12 Indoor Plant Hacks You Need to Start Doing Right Now

Updated: Feb. 15, 2024

Try these easy reader-tested and approved indoor plant hacks, then sit back and watch your houseplants grow and thrive.

Plant hacks for your indoor gardenAleksandarNakic/Getty Images

Being a houseplant parent has increased in popularity in recent years. According to civicscience.com, 66% percent of consumers in the U.S. own at least one houseplant. With so many people growing houseplants, there are always learnings and our readers shared their best plant hacks for indoor gardening.

Use Ice Cubes to Water Houseplants

A potted plant with ice cubes in the soil.Jaclyn Vernace/Getty Images
Ice cubes melt slowly so the soil can absorb water.

Proper watering is an essential step in knowing how to grow indoor plants. To help prevent a watery mess on the floor, one Birds & Blooms reader has a secret plant hack. “I put ice cubes in my hanging plants,” Roslyn Francis of Lodi, California, says. “As the ice melts, the soil absorbs the water and it doesn’t drip out the bottom of  the pot.”

Reader Lisa Sherman of Carlsbad, California, also supports this watering method. “When my inside potted plants are dry, I put ice cubes on top of the soil to slowly melt and water the plant without flooding the pot,” she says. “It’s easy, there’s no mess, and I’m less likely to overwater this way.”

When is the best time to water plants?

Get Creative with Plant Placement

Some plants need full sun, some like full shade and some like a little of both. One hack that will give all of your plants what they need is to use furniture, such as long sofa tables and creatively place them in front of windows.

Reader Hope Cate of Wilmington, North Carolina explains. “I placed a long sofa table so that half of it is in front of a south-facing window,” she says. “Plants that prefer a lot of light are in the area in front of the window. But because the other half of the table is in the shade, I can have many plants in one spot, and they are all happy.”

These are the best houseplants for low light.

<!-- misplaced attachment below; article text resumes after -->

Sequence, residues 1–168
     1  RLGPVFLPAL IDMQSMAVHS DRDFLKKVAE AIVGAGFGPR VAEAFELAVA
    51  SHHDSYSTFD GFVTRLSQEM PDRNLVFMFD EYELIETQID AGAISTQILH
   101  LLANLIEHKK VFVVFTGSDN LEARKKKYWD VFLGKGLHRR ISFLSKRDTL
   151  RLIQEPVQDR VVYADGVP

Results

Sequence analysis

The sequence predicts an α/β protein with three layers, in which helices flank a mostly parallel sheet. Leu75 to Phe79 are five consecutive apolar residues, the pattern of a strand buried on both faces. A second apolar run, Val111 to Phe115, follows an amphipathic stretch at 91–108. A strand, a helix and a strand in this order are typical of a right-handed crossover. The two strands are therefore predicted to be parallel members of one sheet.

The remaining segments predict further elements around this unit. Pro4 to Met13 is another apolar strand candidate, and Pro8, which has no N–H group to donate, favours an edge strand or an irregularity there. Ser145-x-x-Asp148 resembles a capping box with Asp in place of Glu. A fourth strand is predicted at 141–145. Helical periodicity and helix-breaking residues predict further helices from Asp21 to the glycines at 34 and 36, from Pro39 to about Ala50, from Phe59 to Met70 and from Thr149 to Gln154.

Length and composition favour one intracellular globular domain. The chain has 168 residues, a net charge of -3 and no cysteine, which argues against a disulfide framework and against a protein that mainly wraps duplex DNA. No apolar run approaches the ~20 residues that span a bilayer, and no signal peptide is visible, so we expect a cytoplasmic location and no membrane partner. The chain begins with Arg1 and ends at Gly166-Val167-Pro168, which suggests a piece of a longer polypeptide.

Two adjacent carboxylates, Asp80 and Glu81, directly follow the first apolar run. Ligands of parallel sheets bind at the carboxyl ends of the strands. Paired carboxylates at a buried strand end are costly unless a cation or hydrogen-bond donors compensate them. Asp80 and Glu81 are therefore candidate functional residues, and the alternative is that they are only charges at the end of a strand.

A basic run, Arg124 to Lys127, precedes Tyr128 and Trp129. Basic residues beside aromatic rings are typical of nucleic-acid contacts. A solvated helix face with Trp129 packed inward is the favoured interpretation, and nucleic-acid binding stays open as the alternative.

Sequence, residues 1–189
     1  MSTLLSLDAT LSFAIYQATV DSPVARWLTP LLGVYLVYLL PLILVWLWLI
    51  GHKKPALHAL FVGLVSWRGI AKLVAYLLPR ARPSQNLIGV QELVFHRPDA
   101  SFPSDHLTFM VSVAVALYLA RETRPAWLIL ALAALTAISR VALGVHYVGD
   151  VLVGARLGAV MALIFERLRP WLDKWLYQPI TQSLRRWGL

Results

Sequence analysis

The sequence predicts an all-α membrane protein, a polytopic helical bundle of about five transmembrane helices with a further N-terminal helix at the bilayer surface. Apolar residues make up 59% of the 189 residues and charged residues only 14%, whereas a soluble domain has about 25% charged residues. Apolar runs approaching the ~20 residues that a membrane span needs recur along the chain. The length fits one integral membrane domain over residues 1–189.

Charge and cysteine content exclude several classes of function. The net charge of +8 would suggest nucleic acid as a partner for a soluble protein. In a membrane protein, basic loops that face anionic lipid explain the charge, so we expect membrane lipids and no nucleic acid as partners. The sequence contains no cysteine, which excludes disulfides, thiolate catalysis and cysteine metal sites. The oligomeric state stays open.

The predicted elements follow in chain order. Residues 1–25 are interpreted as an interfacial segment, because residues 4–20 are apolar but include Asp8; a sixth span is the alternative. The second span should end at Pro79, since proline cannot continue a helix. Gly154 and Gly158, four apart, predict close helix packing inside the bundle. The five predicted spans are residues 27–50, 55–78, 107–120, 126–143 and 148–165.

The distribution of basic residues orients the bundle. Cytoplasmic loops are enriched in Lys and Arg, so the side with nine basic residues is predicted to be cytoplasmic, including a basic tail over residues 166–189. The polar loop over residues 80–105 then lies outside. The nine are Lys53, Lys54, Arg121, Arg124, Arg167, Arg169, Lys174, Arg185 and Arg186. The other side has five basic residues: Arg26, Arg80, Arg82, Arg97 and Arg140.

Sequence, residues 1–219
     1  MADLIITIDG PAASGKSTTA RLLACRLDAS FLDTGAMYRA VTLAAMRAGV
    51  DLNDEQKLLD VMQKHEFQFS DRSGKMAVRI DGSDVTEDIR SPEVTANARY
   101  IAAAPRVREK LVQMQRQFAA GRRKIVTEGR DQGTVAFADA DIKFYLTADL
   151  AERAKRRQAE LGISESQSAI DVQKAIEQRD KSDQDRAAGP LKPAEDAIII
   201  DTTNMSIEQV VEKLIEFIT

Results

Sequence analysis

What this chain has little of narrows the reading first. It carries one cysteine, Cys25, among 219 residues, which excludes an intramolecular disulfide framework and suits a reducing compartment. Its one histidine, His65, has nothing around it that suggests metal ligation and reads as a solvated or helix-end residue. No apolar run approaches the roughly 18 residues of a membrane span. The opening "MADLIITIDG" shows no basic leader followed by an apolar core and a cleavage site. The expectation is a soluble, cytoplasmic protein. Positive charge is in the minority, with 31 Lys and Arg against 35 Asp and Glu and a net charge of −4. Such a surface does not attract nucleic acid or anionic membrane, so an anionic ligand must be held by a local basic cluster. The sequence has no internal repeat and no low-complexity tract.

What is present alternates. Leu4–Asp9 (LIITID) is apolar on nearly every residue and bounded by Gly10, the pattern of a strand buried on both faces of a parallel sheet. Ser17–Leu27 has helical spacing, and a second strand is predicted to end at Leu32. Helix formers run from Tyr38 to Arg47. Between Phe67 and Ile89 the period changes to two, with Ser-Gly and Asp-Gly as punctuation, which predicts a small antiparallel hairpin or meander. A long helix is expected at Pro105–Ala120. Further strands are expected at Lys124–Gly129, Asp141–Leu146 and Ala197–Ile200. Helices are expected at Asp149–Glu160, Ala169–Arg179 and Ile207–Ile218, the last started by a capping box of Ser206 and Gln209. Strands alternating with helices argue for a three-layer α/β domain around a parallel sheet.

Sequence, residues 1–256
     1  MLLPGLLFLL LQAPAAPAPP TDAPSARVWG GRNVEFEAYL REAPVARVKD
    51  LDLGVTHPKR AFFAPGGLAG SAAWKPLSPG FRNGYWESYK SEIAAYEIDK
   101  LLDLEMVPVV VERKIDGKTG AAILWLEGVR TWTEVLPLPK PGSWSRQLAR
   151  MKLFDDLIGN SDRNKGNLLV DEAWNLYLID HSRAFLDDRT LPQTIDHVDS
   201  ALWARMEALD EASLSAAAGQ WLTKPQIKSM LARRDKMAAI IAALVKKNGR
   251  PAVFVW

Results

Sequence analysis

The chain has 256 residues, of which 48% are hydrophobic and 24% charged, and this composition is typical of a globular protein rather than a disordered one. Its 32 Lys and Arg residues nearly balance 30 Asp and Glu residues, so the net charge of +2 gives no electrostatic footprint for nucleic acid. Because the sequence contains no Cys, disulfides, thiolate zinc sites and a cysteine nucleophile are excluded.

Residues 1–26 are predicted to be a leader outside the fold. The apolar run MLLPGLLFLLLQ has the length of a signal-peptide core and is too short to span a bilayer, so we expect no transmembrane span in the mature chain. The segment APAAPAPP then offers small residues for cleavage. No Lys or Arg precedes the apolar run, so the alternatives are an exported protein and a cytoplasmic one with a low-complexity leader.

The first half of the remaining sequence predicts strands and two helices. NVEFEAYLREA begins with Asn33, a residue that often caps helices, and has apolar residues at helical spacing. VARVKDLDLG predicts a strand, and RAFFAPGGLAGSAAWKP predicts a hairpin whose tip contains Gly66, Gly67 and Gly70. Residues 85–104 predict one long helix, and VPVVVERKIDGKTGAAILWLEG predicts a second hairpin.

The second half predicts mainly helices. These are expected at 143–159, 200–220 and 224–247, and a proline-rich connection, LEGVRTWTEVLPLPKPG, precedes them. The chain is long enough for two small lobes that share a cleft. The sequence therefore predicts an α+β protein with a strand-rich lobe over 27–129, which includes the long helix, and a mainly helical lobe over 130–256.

Find a Second Use for Your Coffee Grounds

Using coffee ground as a fertilizerWachiwit/Getty Images
Save leftover coffee grounds for your houseplants.

After the grounds from your daily cup of Joe have cooled, don’t toss them in the garbage. Reader Dolores Koland of Pelican Rapids, Minnesota, says, “Add coffee grounds to your houseplants and watch them thrive.”

Here are some ways you can use baking soda in your garden and landscape.

Invest in a Moisture Meter

Sometimes it’s tricky to gauge when a plant needs moisture. Instead of using your finger to gauge the moisture levels of your houseplants’ soil or just guessing that it’s time to water, you can use a moisture meter. Reader Tracy McCullum of Joliet, Illinois, says, “Use a soil moisture meter to prevent overwatering. It lets you know if the soil is wet, moist or dry.”

Can you reuse potting soil in planters?

Rotate Your Plants for Even Sun Exposure

plant hacksCatherine Falls Commercial/Getty Images
Rotate plants weekly

If you’ve noticed that your houseplants are leaning toward the light, try this super simple hack. To help maintain a symmetrical shape, rotate houseplants occasionally, maybe even every time you water if it helps you to remember.

Reader Judy Roberts of Graytown, Ohio, says, “Give the plants a quarter-turn once a week to even out their exposure to the sun. This will help your plant grow evenly.”

These 10 houseplants are best for beginners.

Give Plants Some Rainwater

Nothing beats a little fresh air and fresh water—and that’s true for your houseplants too. “If your pots are small enough to carry, put them out in a light rain when the weather is warm,” says reader Robbin Moller of Sylvania, Ohio. “I have yet to encounter a houseplant that doesn’t perk up with a little rain.”

Reader Sharon Woodworth of Georgetown, Kentucky, agrees. “Collect rainwater and use it on your houseplants. I’ve been doing it for years!” she says.

Before you buy your next houseplant, make sure it’s not on our list of houseplants you’ll regret.

Use The “10-10-10” Fertilizer Rule

Most houseplants do fine with a balanced fertilizer (10-10-10). Limit or stop fertilizing your indoor houseplants in winter and start feeding them again in spring. As always, follow the directions on your specific package.

Here’s why your indoor plant has yellow leaves.

Choose Small Houseplants for Small Spaces

how to grow indoor plants, Small zebra haworthia succulent in clay potTim M Lanthier/Getty Images
A small haworthia succulent will fit in even the tiniest space.

If you’re tight on space, most 3-inch pots fit on even the narrowest window sills. Peperomia and small cactuses and succulents can both happily grow in containers that size.

Use Artificial Grow Lights Right

When using artificial lights, the tips of the plants should be 6 to 12 inches from the light source to ensure the plant is receiving maximum benefits.

Boost Humidity for Tropical Plants

Ideal humidity for tropical houseplants is around 50%. If your home is drier, set your indoor plants on a gravel tray filled with water.

Kick Mildew to the Curb

“I read that sprinkling the dirt with cinnamon prevents powdery mildew, so I gave it a shot—it worked!” says reader Jeanine Buettner of Kalispell, Montana. She adds, “I no longer have a problem with the disease!”

Provide Extra Nutrients With Eggs

Reader Sandy Lewis of Akron, Ohio, waters her houseplants with water she has boiled eggs in. She says this one of our plant hacks, “works better for me than any commercial plant food!”

Next, discover more ways to use eggshells in the garden.

Additional reporting by Eva Monheim


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